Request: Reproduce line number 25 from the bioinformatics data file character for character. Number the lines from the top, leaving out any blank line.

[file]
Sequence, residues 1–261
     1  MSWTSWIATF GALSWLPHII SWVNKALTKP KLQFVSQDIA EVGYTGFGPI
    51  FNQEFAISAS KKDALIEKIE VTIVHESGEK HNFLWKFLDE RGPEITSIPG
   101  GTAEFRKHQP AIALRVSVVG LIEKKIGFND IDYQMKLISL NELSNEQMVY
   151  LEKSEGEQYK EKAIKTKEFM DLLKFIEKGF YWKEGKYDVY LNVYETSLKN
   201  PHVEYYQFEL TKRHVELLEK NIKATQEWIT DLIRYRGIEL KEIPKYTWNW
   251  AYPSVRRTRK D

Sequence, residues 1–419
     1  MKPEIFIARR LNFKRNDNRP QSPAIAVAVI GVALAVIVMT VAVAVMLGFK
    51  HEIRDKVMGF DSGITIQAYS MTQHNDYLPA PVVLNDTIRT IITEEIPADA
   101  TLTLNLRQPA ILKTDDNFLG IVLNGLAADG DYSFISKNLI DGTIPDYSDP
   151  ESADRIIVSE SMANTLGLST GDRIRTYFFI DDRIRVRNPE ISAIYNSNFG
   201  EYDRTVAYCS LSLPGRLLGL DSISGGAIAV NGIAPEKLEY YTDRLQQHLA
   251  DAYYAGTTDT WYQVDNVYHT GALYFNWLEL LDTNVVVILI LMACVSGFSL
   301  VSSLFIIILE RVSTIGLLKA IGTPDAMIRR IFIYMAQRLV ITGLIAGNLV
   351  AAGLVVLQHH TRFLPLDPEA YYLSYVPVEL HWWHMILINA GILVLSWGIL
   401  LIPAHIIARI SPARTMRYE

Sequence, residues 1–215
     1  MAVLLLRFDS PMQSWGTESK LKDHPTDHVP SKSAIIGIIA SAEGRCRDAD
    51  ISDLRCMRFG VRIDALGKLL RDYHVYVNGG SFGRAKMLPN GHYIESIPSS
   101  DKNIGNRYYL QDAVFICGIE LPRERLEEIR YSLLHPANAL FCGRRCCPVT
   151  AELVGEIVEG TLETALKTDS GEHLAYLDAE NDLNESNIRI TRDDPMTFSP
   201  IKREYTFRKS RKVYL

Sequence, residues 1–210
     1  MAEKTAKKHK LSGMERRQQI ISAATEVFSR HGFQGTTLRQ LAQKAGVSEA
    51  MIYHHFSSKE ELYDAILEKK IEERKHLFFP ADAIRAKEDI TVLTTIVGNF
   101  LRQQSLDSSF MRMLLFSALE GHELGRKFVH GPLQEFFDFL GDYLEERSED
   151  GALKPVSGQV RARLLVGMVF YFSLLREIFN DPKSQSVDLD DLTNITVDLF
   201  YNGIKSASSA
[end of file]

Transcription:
     1  MAEKTAKKHK LSGMERRQQI ISAATEVFSR HGFQGTTLRQ LAQKAGVSEA